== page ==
One afternoon in my bedroom, I noticed the light change. The buttery yellow walls had begun to glow a hazy orange. I leaned closer to the window screen and struggled to focus my eyes on the sky, sidewalk, brick buildings across the street. Everything was bathed in the eerie orange light, deepening rapidly. The air hummed with electricity. The cloud cover thickened and before long, the sky let loose an angry spew of hail that turned green lawns white and rattled violently against our cement facade. As quickly as it came, the hail slowed and then stalled, melting away and taking the thick orange sky with it. Hot, wet asphalt and leaves fat with the weight of water were left behind as the only evidence of the storm.

Callery Pear tree in the rain / Darker than Green

In the years since, there have been many more hailstorms, some worse than others. We’ve had thunderstorms that blew out power for entire neighborhoods, powerful stabs of wind that felled the oldest trees, curbside flooding that turned intersections into lakes. There was even that year when we were first introduced to the legendary derecho. A this point, I’ve had a lot of experience with this city’s intense weather. But every time the sky darkens and the winds ripple through wildly swaying trees, I’m still surprised.

I suppose it’s the city’s brush with untamed nature. We don’t have craggy mountains to arch our necks at, or vast oceans to dive, or deep forests to wander. Chicago’s natural beauty has been largely leveled to make way for historic feats of architecture, temples of culture and academia, and a few hundred lovingly tended urban parks. But the weather is our great equalizer. We’re all cold on the hundredth straight day of freezing temperatures in April, and we’re all in awe of the uncontrollable power of a wild summer storm. It doesn’t matter how much we try to insulate ourselves with society and technology. One way or another, nature always overpowers, stuns, delays, distracts, reroutes, impresses, terrifies, and drenches us.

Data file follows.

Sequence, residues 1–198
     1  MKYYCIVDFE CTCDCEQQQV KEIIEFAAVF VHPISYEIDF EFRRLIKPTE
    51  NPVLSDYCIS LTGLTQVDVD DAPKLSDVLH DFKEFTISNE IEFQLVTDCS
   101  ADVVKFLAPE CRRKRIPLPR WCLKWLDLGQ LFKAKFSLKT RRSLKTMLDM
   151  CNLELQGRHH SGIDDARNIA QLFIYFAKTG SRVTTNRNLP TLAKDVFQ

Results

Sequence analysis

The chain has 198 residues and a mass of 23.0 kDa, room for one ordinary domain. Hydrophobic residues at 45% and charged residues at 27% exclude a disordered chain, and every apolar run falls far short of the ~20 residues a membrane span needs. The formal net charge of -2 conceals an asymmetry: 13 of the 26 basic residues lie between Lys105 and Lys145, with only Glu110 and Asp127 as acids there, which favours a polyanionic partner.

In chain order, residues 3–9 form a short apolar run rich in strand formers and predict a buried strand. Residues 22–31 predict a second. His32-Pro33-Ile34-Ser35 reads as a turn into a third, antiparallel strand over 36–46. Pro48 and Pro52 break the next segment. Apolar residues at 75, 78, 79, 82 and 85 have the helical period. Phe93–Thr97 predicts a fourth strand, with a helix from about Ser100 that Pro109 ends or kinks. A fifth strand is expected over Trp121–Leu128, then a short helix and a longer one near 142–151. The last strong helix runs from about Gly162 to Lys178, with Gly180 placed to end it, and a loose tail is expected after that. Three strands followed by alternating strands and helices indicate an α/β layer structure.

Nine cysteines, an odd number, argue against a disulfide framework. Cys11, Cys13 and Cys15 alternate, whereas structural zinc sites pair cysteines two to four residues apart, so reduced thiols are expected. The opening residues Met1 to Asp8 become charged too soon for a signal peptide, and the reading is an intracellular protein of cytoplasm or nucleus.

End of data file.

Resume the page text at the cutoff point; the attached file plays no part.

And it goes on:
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The breeze outside picks up speed and the windchimes on our back porch sing louder and more often. A distant rumble of thunder echoes, and the skies churn from bright white to a swirling gray. When today’s storm breaks, I have my face pressed hard to the glass. I watch in awe as the army of droplets fall, and as the wind blows unknowable patterns in the soaked and shining streets.

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Clark Park

Foliage in Clark Park, Chicago / Darker than Green

I’ve started taking the California bus in the mornings, which has dramatically improved my commute time as well as my morning mental wellbeing. The bus is rarely crowded, the drivers are always at ease, and I’m able to completely avoid the traffic madness on Western Ave.

On one of last week’s bus rides, I noticed a Chicago Park District sign at a clearing in a dense mass of woodland trees. Turns out, everyday I’ve been riding past a park that I didn’t even know existed. Just by slightly shuffling my morning routine, I happened across a new green spot in my city to explore. So this weekend, this long last weekend in May, we took a trip to explore this new park. We hopped on the California bus, got off at the second to last stop, wandered through the clearing in the trees and right into Clark Park.

Chicago River in Clark Park / Darker than Green